Microsoft is launching the Handheld PC 2000 at the Demo Mobile show in the US. A category brand like Pocket PC, Handheld PC 2000 includes both the updated operating system and the subnotebook devices. Sales of the so-called HPC have been sluggish and OS updates nonexistent.
But a handful of vendors are readying new devices. The initial units are from Hewlett-Packard; MainStreet Networks, which bought the Vadem Clio line; and NEC Computers.
A High-End Gadget
HPC 2000 adds an integrated thin client for access to applications running on a Windows 2000 server, an updated Internet Explorer, and the Windows Media Player.
Like Pocket PCs, HPC 2000 includes Pocket Word, Pocket Excel, Pocket PowerPoint, and Pocket Access, says Doug Dedo, group product manager of Microsoft's mobile devices division. But you can also access full Windows applications through Windows 2000 terminal servers, he adds.
Hewlett-Packard is already shipping new HPC 2000 devices. The HP Jornada 720, priced at $Us999, has a 206-MHz Intel Strongarm processor and a built-in Smart Card Reader for security. Previous Jornada HPCs came in both the half- and full-screen size; HP is dropping the full-screen devices with this model. But NEC and MainStreet Networks will both offer full notebook-size HPC 2000s, according to Microsoft.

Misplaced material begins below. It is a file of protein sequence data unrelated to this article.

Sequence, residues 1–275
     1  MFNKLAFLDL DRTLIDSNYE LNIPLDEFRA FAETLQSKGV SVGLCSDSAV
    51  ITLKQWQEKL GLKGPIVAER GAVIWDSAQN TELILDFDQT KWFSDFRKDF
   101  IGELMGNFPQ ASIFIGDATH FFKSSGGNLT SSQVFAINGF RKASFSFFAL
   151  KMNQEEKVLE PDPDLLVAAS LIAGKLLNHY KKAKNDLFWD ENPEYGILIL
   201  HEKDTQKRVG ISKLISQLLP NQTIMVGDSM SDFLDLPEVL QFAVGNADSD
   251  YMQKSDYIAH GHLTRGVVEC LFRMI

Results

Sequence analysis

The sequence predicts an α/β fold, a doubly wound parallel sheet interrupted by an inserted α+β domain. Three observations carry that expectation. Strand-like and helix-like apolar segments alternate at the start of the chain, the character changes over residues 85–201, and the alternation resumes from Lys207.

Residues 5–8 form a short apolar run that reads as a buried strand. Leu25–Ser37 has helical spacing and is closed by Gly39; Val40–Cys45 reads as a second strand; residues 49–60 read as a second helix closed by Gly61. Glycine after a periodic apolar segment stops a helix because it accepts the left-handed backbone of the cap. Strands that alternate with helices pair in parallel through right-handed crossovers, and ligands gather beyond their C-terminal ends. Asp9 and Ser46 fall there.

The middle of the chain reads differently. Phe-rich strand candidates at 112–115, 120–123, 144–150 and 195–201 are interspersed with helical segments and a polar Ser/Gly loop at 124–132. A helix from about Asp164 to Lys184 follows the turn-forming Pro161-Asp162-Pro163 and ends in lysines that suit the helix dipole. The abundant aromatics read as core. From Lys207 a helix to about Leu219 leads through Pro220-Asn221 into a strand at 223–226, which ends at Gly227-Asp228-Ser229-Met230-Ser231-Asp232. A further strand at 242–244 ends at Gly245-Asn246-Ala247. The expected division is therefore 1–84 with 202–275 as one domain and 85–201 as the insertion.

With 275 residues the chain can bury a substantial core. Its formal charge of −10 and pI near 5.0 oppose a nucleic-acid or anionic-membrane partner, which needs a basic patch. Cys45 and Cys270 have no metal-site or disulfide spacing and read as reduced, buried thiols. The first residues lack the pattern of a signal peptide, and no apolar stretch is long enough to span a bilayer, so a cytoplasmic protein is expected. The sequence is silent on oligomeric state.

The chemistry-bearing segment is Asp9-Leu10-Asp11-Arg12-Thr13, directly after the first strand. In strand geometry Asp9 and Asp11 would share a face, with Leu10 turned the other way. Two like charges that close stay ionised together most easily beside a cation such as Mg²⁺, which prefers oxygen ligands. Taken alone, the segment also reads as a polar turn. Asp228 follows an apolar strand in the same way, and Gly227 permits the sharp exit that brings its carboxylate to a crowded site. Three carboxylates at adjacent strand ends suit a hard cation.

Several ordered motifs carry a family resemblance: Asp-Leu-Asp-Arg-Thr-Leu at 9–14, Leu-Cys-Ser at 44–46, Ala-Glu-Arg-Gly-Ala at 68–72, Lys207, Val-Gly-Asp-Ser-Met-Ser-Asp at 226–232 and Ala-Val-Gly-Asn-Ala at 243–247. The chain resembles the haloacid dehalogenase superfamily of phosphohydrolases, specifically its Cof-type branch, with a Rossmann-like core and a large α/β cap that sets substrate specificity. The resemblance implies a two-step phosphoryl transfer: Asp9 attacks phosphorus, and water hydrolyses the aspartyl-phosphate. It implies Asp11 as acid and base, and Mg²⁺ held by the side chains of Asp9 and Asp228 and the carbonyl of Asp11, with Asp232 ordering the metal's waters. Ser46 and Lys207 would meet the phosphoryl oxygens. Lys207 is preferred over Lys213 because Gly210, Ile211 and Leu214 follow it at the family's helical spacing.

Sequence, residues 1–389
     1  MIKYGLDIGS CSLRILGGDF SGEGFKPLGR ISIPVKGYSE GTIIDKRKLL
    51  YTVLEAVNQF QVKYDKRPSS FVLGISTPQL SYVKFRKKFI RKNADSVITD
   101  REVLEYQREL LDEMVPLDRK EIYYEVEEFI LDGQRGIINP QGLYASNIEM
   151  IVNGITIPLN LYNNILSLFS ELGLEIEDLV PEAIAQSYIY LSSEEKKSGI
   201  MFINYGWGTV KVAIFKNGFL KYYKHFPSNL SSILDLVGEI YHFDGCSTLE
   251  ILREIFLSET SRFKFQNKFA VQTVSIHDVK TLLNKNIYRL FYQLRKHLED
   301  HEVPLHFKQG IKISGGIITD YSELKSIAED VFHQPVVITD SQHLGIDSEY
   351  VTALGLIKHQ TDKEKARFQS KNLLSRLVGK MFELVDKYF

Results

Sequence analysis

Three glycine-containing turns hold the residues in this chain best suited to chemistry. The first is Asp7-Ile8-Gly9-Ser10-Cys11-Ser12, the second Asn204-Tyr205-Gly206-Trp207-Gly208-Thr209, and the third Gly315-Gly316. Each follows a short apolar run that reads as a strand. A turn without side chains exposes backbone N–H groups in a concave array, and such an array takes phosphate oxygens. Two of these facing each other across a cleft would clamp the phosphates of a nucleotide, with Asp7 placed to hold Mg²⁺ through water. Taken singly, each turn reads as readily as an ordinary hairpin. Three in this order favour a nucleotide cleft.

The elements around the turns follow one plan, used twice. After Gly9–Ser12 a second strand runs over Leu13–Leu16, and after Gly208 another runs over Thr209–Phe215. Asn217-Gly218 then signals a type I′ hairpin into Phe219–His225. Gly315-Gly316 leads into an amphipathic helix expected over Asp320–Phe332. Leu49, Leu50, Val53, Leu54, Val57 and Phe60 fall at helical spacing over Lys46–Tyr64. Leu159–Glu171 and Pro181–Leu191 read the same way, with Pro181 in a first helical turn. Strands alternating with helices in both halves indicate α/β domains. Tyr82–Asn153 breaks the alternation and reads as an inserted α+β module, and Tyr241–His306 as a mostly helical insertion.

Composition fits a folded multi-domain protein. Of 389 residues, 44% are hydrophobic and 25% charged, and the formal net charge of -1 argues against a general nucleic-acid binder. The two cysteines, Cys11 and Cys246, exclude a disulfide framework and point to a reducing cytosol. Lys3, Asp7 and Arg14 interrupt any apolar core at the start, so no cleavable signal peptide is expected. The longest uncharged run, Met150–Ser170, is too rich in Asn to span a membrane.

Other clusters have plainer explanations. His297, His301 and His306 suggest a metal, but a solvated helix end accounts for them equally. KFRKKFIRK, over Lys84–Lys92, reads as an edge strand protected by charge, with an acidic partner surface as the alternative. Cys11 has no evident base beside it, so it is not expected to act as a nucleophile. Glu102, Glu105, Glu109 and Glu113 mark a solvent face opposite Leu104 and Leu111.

"They're not intended to be laptop replacements," Dedo says. Instead, customers use HPCs for paper-based processes the laptop can't replace, he says. For example, an HPC can offer instant on and off, immediate access to data, and long battery life.
The HPC enhancements are designed for industry-specific use in fields such as health care, education, and finance, according to Microsoft. Consumers have traditionally shirked HPCs in favor of lightweight notebook PCs, and the HPC 2000's high price tag and limited applications may remain a challenge. But the price isn't as important in custom and corporate applications, Dedo says.
Like notebooks, HPCs offer a variety of connectivity options through PC Cards.
"HPC 2000 supports low-level Ethernet cards, (and) wireless LANS from Cisco, Proxim, Symbol Technologies, and Lucent," Dedo says. Some drivers like Proxim's are preinstalled, and others are available online.
HPCs can get wireless access with CDPD cards or by connecting the device to a mobile phone.
Early next year, you'll be able to get wireless cards for Metricom Ricochet service and Bluetooth, Dedo says.
Of course, you can use all those cards and more with a notebook PC and not spend much more money.
Upgrades may be available for current HPC owners. Microsoft suggests you check with the appropriate hardware vendor, which may offer a ROM upgrade or device swap.